index. It has a low selectivity and its “db_gets_per_key_hits” is 50% lower
than its “db_gets_key_misses” — which means it misses a row twice as much as
it finds it.

This is further witnessed by its high “badness” and low keys_count (a relative
term that shows how well the column will act as an index). Badness ratings are
summarized by the number of keys that exhibit that amount of badness.

A good index has the attribute “near unity hit/miss ratio.”

If an indexed column has nulls in it, then care must be used in analyzing
performance of that index:

1. A query for a null value will do a table-scan, and
will never use an index.

2. A query for a non-null value will only have to search
an index that has no null entries in it. Thus, no
performance will be lost between a table with 100 not-null
entries and 100 not-null and 1000 null entries, as long
as queries for not-null values are made.

Rows – Null & Rows – Total: null values are included, for the rest of stats not

Rows per key – avg : average number of rows per key, this is
a general measure of the selectivity of the column.

Rows per key – dev : standard deviation

Rows per key – max : maximun number of rows per key

The following two statistics attempt to determine how expensive it is to access
keys in this table.

A ‘miss’ will have to scan all the rows for a key value, and a 1-row hit will,
on the average, only have to scan half of them.

These gets are the the gets to read data from the table. Gets needed to access
branch and leaf nodes of the index are not counted here.

The ‘badness_factor’ column tells how many times a key was repeated.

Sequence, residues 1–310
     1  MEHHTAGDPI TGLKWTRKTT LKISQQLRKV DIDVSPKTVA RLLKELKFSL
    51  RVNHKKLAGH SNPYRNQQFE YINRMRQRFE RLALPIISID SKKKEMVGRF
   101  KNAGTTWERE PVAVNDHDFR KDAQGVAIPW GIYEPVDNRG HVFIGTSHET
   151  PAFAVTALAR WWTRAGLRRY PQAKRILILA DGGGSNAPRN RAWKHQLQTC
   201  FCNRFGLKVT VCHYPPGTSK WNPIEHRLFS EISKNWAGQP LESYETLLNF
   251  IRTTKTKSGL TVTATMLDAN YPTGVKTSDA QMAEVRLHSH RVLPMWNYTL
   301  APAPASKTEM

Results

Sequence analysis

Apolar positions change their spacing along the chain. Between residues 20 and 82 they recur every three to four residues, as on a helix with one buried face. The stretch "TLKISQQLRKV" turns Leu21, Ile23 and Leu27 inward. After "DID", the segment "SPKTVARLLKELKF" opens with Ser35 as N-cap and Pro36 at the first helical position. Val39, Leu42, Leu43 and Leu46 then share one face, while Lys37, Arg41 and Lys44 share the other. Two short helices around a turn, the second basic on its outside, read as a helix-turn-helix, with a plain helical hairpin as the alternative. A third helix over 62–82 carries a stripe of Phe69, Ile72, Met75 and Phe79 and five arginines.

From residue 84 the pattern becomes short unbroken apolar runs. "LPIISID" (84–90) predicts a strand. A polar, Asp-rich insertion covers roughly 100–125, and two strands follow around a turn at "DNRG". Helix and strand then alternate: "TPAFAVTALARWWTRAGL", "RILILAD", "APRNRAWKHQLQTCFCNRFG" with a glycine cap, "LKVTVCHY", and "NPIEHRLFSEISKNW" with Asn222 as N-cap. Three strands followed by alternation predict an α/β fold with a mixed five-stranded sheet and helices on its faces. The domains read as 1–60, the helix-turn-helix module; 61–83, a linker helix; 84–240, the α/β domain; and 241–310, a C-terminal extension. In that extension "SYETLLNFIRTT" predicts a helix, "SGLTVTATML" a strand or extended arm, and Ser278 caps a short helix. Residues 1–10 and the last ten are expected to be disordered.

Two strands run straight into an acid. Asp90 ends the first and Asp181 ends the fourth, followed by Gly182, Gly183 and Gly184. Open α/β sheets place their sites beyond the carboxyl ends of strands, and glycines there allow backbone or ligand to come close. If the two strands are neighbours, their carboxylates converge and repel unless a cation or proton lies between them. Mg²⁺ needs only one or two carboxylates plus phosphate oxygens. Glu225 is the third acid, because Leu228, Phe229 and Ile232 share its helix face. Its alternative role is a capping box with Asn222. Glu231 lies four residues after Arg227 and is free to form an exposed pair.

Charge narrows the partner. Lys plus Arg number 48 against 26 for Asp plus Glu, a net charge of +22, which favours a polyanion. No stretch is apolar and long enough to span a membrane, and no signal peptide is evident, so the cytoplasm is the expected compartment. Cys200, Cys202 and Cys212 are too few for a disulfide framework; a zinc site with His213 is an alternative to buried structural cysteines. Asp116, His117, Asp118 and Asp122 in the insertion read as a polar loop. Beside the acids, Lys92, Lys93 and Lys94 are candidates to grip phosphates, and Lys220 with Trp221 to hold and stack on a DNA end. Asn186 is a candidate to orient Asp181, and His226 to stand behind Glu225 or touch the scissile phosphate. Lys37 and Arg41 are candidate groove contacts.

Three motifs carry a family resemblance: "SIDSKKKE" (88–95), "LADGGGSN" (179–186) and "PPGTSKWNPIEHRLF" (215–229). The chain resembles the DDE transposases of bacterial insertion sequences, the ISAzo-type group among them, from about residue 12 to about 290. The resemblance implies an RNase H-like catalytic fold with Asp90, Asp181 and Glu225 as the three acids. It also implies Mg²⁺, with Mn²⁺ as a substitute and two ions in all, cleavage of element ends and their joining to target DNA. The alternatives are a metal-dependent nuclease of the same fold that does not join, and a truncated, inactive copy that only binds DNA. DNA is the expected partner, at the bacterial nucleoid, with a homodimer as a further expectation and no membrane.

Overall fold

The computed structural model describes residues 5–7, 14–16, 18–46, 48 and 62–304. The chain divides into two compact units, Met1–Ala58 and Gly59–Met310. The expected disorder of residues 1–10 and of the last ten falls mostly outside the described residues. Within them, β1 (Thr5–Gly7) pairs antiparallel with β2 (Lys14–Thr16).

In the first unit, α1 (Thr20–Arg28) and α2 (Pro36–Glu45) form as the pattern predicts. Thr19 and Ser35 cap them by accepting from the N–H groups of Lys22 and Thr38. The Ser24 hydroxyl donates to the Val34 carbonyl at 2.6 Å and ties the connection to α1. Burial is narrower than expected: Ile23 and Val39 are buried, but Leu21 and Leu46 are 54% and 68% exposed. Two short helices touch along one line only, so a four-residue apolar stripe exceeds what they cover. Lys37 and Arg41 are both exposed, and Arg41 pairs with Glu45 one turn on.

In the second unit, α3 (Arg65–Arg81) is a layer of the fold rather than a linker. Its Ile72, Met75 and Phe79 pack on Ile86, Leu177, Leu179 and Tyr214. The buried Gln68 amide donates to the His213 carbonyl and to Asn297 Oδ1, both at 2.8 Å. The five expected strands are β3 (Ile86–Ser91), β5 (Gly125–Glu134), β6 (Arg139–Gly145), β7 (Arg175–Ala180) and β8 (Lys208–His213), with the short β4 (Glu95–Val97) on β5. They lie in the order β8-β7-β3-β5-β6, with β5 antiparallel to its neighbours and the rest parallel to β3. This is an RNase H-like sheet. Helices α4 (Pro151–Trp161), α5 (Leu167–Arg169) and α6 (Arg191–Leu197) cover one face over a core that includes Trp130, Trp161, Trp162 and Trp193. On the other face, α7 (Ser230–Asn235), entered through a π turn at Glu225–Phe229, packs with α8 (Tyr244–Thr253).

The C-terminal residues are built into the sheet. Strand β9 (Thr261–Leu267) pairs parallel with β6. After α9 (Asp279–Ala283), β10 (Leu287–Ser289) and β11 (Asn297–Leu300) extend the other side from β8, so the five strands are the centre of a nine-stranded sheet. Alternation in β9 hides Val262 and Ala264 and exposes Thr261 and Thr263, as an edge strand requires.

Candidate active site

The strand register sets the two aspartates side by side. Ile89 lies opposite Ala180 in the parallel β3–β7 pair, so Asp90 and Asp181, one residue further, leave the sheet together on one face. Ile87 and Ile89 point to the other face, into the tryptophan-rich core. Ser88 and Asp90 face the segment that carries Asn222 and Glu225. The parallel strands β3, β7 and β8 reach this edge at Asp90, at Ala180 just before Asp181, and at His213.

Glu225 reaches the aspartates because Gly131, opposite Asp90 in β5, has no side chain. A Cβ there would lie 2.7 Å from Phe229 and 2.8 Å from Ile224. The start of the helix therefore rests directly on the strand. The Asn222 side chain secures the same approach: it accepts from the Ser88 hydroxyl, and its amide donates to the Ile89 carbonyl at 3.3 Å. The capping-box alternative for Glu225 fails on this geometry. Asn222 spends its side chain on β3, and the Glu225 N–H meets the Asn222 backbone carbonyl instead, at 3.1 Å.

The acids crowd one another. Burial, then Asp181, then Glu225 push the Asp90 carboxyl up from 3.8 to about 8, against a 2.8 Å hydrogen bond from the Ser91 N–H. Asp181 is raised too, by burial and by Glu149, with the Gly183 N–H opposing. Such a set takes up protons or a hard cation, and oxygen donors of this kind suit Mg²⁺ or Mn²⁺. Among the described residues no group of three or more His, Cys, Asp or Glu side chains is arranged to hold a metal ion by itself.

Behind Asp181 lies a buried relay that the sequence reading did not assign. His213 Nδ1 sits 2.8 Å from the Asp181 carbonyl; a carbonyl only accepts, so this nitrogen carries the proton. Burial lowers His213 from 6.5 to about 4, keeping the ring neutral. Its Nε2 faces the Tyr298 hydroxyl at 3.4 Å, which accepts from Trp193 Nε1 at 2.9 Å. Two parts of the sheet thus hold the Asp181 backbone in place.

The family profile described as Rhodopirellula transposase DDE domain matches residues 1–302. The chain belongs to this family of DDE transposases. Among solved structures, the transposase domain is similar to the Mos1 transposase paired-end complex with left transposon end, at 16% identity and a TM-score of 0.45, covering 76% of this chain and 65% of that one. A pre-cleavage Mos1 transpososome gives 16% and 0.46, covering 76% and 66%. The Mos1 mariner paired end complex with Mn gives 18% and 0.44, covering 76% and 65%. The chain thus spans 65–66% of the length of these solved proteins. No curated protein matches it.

The ‘keys_with_badness’ column tells how many keys were repeated
‘badness_factor’ times.

Higher badness factors are detrimental to the selectivity of the column.

This table takes on different meanings depending upon which access method is

1. Access distributed equally across rows.
In this case, the user should look at the ‘ROW_PERC’ column to
determine what percentage of the queries will have high badness factors.

2. Access distributed equally across key values.
In this case, the user should look at the ‘KEY_PERC’ column to
determine what percentage of the queries will have high badness factors.

Solution Explanation:

The UTLDIDXS reports will help you determine which columns to index. This will
aid in the overall performance of your database.



Sobre Alexandre Pires

ORACLE OCS Goldengate Specialist, OCE RAC 10g R2, OCP 12C, 11g, 10g , 9i e 8i - Mais de 25 anos de experiência na área de TI. Participei de projetos na G&P alocado na TOK STOK, EDINFOR alocado na TV CIDADE "NET", 3CON Alocado no PÃO DE AÇUCAR, DISCOVER alocado na VIVO, BANCO IBI e TIVIT, SPC BRASIL, UOLDIVEO alocado no CARREFOUR e atualmente na ORACLE ACS atendendo os seguintes projetos: VIVO, CLARO, TIM, CIELO, CAIXA SEGUROS, MAPFRE, PORTO SEGURO, SULAMERICA, BRADESCO SEGUROS, BANCO BRADESCO, BASA, SANTANDER, CNJ, TSE, ELETROPAULO, EDP, SKY, NATURA, ODEBRESHT, NISSEI, SICREDI, CELEPAR, TAM, TIVIT, IBM, SMILES, CELEPAR, SERPRO,OKI,BANCO PAN, etc
Esse post foi publicado em INDEX TUNING, PERFORMANCE, PLSQL TUNING. Bookmark o link permanente.